The number of grammatical English sentences is theoretically infinite ... However, in practice we humans care to make only a finite number of distinctions. For many tasks, once we have a billion or so examples, we essentially have a closed set that represents (or at least approximates) what we need.The article talks in more detail about work at Google and elsewhere on extracting relationships from massive crawls of text, tables, and the deep web.
We're left with ... interpreting the content, which is mainly that of learning as much as possible about the context of the content to correctly disambiguate it .... What we need are methods to infer relationships between ... entities in the world. These inferences may be incorrect at times, but if they're done well enough we can connect disparate data collections and thereby substantially enhance our interaction with Web data.
Unlabeled data ... is so much more plentiful than labeled data ... With very large data sources, the data holds a lot of detail. For natural language applications, trust that human language has already evolved words for the important concepts. See how far you can go by tying together the words that are already there.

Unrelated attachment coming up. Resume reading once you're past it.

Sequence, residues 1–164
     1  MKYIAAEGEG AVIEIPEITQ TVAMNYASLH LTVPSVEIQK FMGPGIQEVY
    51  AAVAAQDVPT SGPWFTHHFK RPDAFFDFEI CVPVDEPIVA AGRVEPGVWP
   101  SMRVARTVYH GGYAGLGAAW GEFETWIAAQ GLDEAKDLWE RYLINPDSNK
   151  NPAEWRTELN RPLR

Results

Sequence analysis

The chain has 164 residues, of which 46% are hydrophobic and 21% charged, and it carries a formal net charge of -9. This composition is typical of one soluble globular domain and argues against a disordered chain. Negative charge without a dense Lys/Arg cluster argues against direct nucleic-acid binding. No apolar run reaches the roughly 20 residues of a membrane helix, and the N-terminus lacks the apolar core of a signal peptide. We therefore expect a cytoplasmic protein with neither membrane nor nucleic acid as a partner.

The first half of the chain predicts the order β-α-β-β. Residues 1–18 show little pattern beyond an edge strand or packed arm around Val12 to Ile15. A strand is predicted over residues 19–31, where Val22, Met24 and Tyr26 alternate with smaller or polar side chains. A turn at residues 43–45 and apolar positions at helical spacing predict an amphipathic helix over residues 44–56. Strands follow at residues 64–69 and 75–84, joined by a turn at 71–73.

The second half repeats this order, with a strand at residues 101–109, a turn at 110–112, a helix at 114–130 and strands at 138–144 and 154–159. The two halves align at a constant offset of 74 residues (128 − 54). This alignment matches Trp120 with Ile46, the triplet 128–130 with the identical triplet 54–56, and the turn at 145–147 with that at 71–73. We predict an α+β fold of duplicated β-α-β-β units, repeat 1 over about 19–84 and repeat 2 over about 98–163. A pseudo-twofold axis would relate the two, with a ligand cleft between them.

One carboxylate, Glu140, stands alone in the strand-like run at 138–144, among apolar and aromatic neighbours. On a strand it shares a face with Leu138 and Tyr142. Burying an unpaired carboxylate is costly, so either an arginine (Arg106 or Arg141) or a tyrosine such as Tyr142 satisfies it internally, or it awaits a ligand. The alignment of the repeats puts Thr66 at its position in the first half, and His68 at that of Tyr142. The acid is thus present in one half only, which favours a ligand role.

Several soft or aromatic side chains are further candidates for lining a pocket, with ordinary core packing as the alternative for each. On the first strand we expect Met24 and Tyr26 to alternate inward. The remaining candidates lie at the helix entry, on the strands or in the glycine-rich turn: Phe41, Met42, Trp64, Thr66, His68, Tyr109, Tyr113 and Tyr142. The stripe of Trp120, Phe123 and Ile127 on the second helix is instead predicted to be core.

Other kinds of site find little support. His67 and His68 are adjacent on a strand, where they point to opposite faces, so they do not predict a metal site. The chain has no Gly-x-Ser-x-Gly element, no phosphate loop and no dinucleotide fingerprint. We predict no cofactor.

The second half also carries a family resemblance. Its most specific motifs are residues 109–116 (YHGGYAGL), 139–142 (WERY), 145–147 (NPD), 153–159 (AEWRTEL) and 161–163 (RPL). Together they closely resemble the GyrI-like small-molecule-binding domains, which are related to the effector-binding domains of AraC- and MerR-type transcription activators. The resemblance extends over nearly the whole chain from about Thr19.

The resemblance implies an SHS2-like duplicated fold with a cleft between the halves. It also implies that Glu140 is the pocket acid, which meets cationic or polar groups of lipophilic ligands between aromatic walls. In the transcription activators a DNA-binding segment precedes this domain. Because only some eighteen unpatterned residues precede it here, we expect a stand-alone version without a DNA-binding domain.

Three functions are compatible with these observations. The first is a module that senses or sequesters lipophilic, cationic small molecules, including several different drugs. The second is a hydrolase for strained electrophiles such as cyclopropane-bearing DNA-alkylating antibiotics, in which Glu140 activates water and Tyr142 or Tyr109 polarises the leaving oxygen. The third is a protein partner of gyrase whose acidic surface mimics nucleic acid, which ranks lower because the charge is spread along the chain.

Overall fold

On a related note, Google announced some new features a couple days ago, improved query suggestions and snippets, that Googler Ori Allon apparently described as scanning pages "in real-time ... after a query is entered" and identifying "conceptually and contextually related sites/pages" using "an 'understanding' of content and context." Many news articles are referring to this as a step toward semantic search.
Please see also my April 2008 post, "GoogleBot starts on the deep web", which discusses related work by Alon Halevy on mining data in tables and the deep web.
Please see also my post on the WSDM 2008 keynote by Oren Etzioni on semantic interpretation. His work is mentioned a few times by Halevy et al.
[IEEE article found via the Google Research Blog]